Arches are one of the main characteristic elements of Armenian architecture. Arches were largely used in medieval church architecture as a main structural and constructional element, and arch topped niches started to appear first as a tectonic element in centric-domed churches.

In the early 20th century, Alexander Tamanyan borrowed arches from medieval church architecture and used it as a decorative façade element in his newly synthesized Armenian secular and city architecture. Thereafter, Armenian architects have ubiquitously used arches, whether as a tectonic or decorative element. Since the 1960s, with the advent of modernist beliefs, aesthetic and structural principles, arches obtained wider interpretations. They were executed in concrete and covered with stone panels (veneer). And since concrete permitted freer structural plasticity, at times arches acquired new geometric interpretations.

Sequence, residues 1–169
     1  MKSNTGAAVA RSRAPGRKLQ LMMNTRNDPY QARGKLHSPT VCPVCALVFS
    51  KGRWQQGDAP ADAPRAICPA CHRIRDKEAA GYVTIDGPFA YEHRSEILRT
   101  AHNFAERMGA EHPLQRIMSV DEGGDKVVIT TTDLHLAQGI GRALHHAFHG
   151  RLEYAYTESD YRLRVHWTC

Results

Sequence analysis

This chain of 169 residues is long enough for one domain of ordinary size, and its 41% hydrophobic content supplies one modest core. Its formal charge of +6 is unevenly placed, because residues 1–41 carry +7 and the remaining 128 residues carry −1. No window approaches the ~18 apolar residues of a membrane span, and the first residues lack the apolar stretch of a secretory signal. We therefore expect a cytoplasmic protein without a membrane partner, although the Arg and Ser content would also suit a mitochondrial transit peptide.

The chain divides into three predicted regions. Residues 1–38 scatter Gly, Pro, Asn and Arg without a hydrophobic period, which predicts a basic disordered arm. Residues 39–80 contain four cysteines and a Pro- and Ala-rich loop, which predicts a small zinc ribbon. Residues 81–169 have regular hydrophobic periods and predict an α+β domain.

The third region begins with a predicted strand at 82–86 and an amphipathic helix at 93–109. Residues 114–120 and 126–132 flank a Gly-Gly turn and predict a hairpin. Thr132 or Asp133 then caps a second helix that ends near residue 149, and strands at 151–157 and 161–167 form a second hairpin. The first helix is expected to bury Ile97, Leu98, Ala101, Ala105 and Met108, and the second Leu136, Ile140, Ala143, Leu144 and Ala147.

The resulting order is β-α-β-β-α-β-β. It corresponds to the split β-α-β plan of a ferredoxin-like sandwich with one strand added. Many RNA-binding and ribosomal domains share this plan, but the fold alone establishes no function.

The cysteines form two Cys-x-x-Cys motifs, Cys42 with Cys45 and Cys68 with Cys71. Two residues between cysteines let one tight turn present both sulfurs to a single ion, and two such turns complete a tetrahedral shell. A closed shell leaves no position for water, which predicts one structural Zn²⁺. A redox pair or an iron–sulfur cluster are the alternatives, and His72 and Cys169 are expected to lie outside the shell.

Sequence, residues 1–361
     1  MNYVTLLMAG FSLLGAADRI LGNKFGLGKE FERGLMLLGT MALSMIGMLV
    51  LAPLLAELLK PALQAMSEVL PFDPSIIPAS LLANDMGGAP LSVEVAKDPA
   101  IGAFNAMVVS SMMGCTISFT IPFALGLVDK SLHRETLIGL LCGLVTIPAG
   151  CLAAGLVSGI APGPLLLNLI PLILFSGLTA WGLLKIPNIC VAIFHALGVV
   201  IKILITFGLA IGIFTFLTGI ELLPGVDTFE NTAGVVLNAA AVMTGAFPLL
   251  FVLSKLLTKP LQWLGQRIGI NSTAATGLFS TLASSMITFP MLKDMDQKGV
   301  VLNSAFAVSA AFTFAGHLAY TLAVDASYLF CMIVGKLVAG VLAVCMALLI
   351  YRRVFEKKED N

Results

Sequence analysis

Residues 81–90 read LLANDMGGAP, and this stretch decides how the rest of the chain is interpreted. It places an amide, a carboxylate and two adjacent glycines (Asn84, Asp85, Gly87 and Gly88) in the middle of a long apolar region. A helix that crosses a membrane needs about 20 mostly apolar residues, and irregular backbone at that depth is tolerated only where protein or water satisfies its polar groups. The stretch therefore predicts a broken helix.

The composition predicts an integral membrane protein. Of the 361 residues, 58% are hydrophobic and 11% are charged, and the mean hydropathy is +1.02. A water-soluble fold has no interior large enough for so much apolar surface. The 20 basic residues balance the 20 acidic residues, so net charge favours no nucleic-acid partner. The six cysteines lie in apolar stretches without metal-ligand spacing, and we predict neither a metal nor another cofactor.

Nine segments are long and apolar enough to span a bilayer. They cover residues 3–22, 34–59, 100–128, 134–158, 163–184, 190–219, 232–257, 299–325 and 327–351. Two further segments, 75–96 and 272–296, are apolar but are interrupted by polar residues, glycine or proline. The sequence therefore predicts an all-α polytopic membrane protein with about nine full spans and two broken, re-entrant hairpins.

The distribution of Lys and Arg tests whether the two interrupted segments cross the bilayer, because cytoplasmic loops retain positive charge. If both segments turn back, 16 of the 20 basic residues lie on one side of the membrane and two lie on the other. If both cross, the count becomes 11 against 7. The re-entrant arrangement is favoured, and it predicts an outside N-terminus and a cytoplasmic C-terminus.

As decorative elements, arches were used as free-standing monument-type elements, sometimes to accentuate the entrance block of a building. By the late 1970s and the 1980s, while arches resumed their façade decoration function, they maintained their modernistic laconic aspect and aimed to function structurally, rather than in their purely decorative role in façade compositions.